His short reign as First Minister had been marred by verbal gaffes and political misjudgment. He was even caught on tape calling Northern Ireland Secretary John Reid a "patronising bastard".

JACK McCONNELL

SCOTLAND'S new First Minister quickly showed why he has been nicknamed Jack The Lad. …

The rest of this article is only available to active members of Questia

Already a member? Log in now.

Notes for this article

Add a new note
If you are trying to select text to create highlights or citations, remember that you must now click or tap on the first word, and then click or tap on the last word.
One moment ...
Default project is now your active project.
Project items

Items saved from this article

This article has been saved
Highlights (0)
Some of your highlights are legacy items.

Highlights saved before July 30, 2012 will not be displayed on their respective source pages.

You can easily re-create the highlights by opening the book page or article, selecting the text, and clicking “Highlight.”

Citations (0)
Some of your citations are legacy items.

Any citation created before July 30, 2012 will labeled as a “Cited page.” New citations will be saved as cited passages, pages or articles.

We also added the ability to view new citations from your projects or the book or article where you created them.

Notes (0)
Bookmarks (0)

You have no saved items from this article

Project items include:
  • Saved book/article
  • Highlights
  • Quotes/citations
  • Notes
  • Bookmarks
Notes
Cite this article

Cited article

Style
Citations are available only to our active members.
Buy instant access to cite pages or passages in MLA, APA and Chicago citation styles.

(Einhorn, 1992, p. 25)

(Einhorn 25)

1. Lois J. Einhorn, Abraham Lincoln, the Orator: Penetrating the Lincoln Legend (Westport, CT: Greenwood Press, 1992), 25, http://www.questia.com/read/27419298.

Cited article

The Faces That Shaped 2001; Heroes and Villains from the Year the World Declared War against Terrorism and Scottish Politics Was Rocked by Scandal
Settings

Settings

Typeface
Text size Smaller Larger Reset View mode
Search within

Search within this article

Look up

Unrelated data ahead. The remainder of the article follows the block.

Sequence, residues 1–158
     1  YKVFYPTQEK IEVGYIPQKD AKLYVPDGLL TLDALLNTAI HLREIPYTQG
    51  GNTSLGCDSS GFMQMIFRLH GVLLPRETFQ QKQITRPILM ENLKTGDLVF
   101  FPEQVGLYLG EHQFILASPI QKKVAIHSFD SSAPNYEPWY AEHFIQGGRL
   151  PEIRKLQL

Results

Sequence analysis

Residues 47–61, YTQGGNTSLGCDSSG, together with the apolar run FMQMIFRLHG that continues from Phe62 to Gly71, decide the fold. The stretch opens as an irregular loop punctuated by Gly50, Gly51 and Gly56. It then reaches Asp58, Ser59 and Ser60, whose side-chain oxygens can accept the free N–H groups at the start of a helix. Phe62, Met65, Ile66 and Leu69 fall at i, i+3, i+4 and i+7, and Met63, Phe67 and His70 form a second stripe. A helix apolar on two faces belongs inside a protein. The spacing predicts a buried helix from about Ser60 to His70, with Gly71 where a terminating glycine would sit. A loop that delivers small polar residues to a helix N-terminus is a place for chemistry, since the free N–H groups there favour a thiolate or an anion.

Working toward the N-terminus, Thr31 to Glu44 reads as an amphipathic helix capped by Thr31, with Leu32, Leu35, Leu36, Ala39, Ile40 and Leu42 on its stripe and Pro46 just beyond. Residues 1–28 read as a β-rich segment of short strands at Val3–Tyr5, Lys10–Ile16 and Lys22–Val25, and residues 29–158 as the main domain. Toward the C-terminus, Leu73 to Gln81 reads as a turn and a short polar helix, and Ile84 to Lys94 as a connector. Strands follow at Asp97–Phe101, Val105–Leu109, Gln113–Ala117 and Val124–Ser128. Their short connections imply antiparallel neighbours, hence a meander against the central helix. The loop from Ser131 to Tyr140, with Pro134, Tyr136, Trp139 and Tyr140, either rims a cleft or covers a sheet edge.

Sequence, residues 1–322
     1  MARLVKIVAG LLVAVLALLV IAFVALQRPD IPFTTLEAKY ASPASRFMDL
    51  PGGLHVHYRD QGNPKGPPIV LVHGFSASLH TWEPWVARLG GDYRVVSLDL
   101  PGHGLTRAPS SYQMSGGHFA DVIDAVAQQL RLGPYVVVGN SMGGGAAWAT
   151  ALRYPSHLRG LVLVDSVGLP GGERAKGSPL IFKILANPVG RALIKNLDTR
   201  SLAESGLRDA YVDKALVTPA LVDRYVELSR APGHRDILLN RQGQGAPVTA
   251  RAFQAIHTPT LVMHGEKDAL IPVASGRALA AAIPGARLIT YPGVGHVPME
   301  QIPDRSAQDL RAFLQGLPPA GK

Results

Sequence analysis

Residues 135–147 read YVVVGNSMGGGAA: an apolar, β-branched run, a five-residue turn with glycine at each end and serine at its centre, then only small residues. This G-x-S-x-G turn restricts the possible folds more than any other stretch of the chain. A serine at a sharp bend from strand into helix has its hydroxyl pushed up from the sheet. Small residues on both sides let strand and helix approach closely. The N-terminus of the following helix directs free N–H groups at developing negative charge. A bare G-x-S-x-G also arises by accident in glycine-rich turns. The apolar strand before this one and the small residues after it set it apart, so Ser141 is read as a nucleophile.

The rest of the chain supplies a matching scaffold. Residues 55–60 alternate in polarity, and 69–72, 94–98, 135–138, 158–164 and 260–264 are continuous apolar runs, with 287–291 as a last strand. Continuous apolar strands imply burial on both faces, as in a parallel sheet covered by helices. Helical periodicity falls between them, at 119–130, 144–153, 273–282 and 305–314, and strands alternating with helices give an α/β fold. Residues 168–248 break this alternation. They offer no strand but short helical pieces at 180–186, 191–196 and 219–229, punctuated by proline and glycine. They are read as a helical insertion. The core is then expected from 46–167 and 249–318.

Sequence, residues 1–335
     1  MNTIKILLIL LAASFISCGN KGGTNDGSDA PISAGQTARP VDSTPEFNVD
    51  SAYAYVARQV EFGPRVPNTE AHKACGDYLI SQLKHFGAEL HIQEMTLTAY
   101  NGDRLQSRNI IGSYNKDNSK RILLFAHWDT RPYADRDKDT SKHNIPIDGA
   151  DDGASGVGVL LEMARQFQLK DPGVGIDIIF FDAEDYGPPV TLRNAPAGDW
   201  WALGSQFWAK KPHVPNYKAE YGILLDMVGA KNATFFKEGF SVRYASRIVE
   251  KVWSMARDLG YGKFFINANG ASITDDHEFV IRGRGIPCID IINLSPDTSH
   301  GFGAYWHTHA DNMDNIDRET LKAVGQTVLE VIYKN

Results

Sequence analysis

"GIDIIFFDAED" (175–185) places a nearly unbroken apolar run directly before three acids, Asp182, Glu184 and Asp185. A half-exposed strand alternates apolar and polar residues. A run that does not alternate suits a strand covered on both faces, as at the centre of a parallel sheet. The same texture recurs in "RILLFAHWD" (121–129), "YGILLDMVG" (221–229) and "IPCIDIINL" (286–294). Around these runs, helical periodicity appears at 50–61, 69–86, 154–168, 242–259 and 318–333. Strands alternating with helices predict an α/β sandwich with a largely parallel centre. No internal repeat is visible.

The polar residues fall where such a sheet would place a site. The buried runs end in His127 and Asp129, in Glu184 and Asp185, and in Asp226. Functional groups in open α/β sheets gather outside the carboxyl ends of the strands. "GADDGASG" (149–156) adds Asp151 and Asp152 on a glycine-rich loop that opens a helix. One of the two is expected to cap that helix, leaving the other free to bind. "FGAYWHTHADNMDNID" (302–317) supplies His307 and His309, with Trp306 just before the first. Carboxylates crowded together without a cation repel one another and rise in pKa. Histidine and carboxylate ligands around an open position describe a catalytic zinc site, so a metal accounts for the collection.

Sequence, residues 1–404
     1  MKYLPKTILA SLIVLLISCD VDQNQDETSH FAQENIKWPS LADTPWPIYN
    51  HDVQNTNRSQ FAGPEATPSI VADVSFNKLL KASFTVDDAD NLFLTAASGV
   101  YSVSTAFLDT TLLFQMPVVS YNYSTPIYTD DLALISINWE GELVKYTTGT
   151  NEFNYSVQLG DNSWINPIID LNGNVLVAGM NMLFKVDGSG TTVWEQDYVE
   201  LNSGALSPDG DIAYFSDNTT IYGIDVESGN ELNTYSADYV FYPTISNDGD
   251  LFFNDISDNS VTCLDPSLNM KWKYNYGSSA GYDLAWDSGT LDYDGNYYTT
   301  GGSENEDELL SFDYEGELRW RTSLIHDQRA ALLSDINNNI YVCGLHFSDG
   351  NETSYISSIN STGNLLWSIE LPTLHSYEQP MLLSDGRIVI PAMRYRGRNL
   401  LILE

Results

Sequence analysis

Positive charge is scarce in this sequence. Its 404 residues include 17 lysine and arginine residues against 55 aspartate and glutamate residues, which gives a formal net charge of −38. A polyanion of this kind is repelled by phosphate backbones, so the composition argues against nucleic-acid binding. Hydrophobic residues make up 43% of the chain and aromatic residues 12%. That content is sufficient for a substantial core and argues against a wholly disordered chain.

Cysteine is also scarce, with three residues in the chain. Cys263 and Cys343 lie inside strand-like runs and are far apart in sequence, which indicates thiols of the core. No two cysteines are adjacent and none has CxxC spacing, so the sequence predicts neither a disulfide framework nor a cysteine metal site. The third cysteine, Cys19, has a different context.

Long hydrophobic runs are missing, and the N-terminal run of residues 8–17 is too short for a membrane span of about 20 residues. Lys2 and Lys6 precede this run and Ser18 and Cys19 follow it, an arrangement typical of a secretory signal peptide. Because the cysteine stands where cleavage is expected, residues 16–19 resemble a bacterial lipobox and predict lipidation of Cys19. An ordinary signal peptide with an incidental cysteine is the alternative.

Look up a word

  • Dictionary
  • Thesaurus
Please submit a word or phrase above.
Print this page

Print this page

Why can't I print more than one page at a time?

Help
Full screen

matching results for page

    Questia reader help

    How to highlight and cite specific passages

    1. Click or tap the first word you want to select.
    2. Click or tap the last word you want to select, and you’ll see everything in between get selected.
    3. You’ll then get a menu of options like creating a highlight or a citation from that passage of text.

    OK, got it!

    Cited passage

    Style
    Citations are available only to our active members.
    Buy instant access to cite pages or passages in MLA, APA and Chicago citation styles.

    "Portraying himself as an honest, ordinary person helped Lincoln identify with his audiences." (Einhorn, 1992, p. 25).

    "Portraying himself as an honest, ordinary person helped Lincoln identify with his audiences." (Einhorn 25)

    "Portraying himself as an honest, ordinary person helped Lincoln identify with his audiences."1

    1. Lois J. Einhorn, Abraham Lincoln, the Orator: Penetrating the Lincoln Legend (Westport, CT: Greenwood Press, 1992), 25, http://www.questia.com/read/27419298.

    Cited passage

    Thanks for trying Questia!

    Please continue trying out our research tools, but please note, full functionality is available only to our active members.

    Your work will be lost once you leave this Web page.

    Buy instant access to save your work.

    Already a member? Log in now.

    Oops!

    An unknown error has occurred. Please click the button below to reload the page. If the problem persists, please try again in a little while.